Let’s get down to the process of actually changing your compressor oil, with the steps shown below.
Oil Fill Port
Item #1 in the photo is the oil fill port for my compressor. It makes sense that it will be located on your compressor at a higher level than the oil drain port.
Not every compressor is the same, yet all oil lubricated units will have an oil fill port of some sort, and that port will allow oil poured into your compressor to flow down to enter the oil sump located under the piston head assembly.
Do yourself a favor and keep a small funnel handy when you go to pour oil back in. Otherwise, you may cause yourself a bit of a mess by spilling the oil as you pour. This is the voice of experience!
Normally the cover for the oil fill port is vented. Your compressor consumes a little (or sometimes a lot) of oil as it runs, and if the port were not vented, eventually a vacuum would form in the sump which would limit the efficiency of the lubrication process.
How Much Oil
Item #2 in the photo and on my compressor is a sight-glass that allows me to peer into the oil reservoir to see how full (or empty) it is. On my compressor, and typically on others with a sight glass like this one, the recommendation is to keep the oil full to the center of the red dot.
Other compressors have no sight glass or dipstick. Folks generally add oil to the bottom thread of the oil fill plug on these types.
Overfilling the oil sump will lead to maintenance issues for your compressor so avoid that if possible. If overfilled with oil, drain some out before powering on the compressor.
You must keep the oil level topped up (the cheaper the oil-lubed compressor, the more oil it uses, it seems) and you must not overfill it.
The Oil Sump
Item #3 in the photo above points to the compressor casing, inside of which is the oil sump.
The bigger the compressor, the more oil it will need, of course. Mine only holds a few ounces, so I take real good care not to overfill, but at the same time, I check the oil level every time I go to turn the compressor on, as it doesn’t take long for it to go through those few ounces of oil, either.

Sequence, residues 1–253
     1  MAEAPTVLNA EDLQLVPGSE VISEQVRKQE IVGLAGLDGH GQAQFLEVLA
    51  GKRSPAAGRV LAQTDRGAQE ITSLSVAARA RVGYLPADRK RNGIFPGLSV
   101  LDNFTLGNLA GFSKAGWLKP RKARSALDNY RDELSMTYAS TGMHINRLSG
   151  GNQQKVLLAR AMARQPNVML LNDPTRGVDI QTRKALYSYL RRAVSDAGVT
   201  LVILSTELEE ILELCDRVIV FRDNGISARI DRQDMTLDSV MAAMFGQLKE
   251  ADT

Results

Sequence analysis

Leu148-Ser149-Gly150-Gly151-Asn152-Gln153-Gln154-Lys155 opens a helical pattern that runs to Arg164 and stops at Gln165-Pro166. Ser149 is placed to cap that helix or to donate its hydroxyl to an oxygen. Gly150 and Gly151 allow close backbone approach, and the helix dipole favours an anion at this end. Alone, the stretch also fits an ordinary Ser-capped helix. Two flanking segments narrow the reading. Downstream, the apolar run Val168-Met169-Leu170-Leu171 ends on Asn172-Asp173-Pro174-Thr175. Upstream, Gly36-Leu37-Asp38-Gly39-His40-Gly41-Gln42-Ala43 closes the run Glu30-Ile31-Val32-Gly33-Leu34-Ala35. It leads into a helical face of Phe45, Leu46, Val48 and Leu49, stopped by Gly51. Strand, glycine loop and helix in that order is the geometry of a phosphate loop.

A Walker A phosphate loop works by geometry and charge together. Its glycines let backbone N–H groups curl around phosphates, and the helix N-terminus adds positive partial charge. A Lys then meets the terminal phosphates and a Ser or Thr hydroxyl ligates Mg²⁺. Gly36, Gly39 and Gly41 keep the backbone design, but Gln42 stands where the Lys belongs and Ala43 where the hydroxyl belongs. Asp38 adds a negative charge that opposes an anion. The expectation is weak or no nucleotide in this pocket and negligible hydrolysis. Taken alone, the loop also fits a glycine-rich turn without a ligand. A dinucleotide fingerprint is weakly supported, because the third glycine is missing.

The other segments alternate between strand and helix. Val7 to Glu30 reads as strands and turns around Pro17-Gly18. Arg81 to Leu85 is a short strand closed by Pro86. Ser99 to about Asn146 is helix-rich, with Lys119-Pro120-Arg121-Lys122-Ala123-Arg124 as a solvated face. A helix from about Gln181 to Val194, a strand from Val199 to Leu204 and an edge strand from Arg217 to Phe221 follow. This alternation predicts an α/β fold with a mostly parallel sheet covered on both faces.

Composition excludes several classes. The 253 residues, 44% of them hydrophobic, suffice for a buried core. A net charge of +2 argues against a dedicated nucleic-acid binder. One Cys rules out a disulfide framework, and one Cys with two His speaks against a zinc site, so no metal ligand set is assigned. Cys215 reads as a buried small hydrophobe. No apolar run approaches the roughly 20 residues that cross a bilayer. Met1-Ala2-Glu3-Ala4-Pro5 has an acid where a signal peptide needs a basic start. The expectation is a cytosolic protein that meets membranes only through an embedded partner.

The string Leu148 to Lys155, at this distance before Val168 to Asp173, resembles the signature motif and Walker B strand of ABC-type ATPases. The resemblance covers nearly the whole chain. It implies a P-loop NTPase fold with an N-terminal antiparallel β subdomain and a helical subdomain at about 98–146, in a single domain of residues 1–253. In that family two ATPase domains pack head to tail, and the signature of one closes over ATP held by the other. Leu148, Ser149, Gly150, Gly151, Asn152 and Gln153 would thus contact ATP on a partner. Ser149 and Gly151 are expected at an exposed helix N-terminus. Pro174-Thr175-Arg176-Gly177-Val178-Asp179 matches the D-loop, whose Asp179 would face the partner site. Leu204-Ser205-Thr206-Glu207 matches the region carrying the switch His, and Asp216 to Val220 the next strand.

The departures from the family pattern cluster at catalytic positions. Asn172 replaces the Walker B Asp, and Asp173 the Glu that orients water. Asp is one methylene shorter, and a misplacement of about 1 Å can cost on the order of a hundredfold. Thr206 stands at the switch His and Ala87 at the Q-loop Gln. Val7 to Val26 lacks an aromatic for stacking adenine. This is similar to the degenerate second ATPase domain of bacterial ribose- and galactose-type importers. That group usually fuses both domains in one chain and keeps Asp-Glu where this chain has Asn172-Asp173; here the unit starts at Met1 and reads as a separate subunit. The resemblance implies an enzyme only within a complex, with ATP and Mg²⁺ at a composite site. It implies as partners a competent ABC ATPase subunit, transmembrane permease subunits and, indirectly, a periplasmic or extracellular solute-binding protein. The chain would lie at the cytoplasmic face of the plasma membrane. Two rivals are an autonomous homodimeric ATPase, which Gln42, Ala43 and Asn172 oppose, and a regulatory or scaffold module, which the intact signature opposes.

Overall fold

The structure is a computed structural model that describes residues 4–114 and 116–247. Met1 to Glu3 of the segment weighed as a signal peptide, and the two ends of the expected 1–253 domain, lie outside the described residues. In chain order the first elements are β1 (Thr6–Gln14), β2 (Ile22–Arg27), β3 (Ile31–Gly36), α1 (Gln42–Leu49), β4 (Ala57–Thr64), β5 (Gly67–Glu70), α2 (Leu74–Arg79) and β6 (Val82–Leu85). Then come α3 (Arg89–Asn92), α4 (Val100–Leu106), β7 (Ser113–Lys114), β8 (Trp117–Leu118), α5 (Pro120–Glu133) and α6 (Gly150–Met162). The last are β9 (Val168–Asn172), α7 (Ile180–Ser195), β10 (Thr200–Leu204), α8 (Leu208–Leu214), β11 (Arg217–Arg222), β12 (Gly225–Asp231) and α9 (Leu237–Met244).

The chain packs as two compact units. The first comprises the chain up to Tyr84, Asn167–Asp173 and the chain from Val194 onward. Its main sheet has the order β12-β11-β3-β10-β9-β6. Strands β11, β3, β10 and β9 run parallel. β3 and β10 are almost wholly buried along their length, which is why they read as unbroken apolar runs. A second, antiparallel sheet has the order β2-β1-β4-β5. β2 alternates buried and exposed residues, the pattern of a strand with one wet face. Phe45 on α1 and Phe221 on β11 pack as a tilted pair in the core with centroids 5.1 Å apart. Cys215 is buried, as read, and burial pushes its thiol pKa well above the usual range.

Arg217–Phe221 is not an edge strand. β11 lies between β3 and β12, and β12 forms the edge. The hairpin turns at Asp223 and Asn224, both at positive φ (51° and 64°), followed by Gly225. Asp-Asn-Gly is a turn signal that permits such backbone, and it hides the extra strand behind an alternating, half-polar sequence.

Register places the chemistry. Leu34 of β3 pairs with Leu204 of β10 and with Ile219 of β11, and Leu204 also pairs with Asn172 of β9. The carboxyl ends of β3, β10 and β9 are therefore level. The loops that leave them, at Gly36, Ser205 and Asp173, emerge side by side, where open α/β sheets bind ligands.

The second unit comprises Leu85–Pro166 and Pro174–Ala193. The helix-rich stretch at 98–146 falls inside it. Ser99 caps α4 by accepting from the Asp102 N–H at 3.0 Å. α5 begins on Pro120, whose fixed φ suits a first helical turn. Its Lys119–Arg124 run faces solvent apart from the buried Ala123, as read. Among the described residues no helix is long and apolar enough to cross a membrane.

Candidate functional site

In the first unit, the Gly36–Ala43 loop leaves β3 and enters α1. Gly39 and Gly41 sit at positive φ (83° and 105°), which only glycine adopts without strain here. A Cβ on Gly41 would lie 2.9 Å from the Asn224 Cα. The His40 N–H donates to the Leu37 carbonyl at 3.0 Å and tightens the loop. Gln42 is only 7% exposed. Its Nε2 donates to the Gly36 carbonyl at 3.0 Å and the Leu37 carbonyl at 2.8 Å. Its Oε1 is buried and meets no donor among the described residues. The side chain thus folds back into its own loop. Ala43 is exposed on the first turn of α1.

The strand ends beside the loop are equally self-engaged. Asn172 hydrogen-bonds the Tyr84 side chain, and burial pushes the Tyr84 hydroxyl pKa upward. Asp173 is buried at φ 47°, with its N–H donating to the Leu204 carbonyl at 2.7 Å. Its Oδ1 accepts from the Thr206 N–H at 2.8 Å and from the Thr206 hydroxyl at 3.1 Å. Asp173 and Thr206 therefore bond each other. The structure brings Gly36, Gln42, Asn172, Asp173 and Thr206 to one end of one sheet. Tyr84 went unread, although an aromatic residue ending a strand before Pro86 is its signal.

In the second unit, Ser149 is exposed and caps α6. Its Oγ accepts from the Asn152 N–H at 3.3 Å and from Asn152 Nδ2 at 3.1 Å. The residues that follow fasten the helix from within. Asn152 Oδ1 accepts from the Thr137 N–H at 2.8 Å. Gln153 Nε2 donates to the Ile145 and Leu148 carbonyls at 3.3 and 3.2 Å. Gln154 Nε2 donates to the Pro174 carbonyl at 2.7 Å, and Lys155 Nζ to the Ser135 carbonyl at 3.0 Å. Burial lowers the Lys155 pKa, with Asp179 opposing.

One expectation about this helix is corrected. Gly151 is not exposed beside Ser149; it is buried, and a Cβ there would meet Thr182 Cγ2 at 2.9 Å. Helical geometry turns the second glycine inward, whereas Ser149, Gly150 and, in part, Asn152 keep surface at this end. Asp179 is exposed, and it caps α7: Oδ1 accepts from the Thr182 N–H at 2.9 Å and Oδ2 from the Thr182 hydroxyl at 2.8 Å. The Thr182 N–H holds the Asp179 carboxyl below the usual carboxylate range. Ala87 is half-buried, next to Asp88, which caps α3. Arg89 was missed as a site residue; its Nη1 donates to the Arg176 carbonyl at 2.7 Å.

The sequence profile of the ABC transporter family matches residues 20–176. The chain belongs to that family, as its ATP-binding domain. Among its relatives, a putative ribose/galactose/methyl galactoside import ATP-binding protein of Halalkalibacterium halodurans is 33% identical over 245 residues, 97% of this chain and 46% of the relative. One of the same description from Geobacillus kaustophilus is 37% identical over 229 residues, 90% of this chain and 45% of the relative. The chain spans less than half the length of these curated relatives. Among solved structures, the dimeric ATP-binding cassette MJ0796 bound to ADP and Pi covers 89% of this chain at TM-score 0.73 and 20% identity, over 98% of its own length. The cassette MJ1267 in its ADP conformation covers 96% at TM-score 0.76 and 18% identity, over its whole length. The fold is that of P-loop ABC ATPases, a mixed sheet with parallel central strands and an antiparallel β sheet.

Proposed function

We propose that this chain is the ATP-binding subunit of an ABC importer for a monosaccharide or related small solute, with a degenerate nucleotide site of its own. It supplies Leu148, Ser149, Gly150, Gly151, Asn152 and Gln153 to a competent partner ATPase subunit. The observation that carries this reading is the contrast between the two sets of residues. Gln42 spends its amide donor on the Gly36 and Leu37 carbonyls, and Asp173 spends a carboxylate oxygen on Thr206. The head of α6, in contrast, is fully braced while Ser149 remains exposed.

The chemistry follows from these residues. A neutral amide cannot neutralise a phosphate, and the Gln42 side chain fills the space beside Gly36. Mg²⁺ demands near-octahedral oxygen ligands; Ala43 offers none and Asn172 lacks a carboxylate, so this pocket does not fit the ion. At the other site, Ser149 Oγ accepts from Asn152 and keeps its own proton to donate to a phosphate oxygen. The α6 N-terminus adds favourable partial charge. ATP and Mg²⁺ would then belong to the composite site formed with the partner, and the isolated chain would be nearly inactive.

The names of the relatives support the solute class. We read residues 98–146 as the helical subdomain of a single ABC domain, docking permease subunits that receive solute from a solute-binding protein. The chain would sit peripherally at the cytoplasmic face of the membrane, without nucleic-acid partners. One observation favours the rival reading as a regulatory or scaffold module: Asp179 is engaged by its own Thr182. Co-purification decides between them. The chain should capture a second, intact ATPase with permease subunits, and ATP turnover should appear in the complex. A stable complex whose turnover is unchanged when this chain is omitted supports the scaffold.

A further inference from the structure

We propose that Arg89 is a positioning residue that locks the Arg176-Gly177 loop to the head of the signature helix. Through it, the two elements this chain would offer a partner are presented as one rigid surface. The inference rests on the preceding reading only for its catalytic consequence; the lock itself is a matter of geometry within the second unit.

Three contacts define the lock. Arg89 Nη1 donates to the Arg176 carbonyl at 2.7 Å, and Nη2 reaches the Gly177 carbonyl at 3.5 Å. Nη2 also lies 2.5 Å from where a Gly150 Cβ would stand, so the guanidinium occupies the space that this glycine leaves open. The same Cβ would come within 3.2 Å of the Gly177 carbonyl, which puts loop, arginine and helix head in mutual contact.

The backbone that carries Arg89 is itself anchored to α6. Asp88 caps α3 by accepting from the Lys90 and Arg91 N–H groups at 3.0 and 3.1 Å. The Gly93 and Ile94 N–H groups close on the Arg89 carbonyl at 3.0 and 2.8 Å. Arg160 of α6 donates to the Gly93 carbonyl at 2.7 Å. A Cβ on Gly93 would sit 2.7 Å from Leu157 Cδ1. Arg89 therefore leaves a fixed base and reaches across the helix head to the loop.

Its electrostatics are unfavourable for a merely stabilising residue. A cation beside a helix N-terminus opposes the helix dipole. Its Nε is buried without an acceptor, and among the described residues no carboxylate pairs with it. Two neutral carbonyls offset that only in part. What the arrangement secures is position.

Get The Oil Out
Item #4 in the photo above is the drain plug. Removing this plug will allow the oil to flow out of the sump.
Some compressors (the more expensive types I think) actually have an extension on the drain port to allow easier collection of the oil.
I’ve used a flat cake tin that slides in under the drain port. Or, you can fashion a drain funnel from a sheet of tin foil (folded a few times to make it more rigid) to help the oil to run into a catch bin of some sort.
Draining the compressor oil can get really messy if you don’t contain the flow of used oil, and it is a witch to clean up. Take a care.
Oil Changing Steps
These are the steps I take in changing my oil.
- Like a car engine, the oil in the compressor will run easier if it’s warm. Leave the compressor sitting in the sun for a while before you start the job, or let it run and fill the air tank before you start.
- Open the fill port to allow air to flow more easily down into the sump.
- Position your drain catchment / funnel or whatever you’re using to help contain the oil, and carefully open the drain plug. You want the oil warm, but it might be quite hot, so take care.
- My compressor has a handle on the front, so when the oil stops flowing out of the drain port, I lift the front of the compressor to help void the sump of any residual oil.
- Replace the drain plug, and wipe any oil residue from the surface so that you can see if you have a leak.
- Pour fresh compressor oil into the fill port to the specified level for your compressor.
- Replace the oil fill cap.
That’s it. You’re done.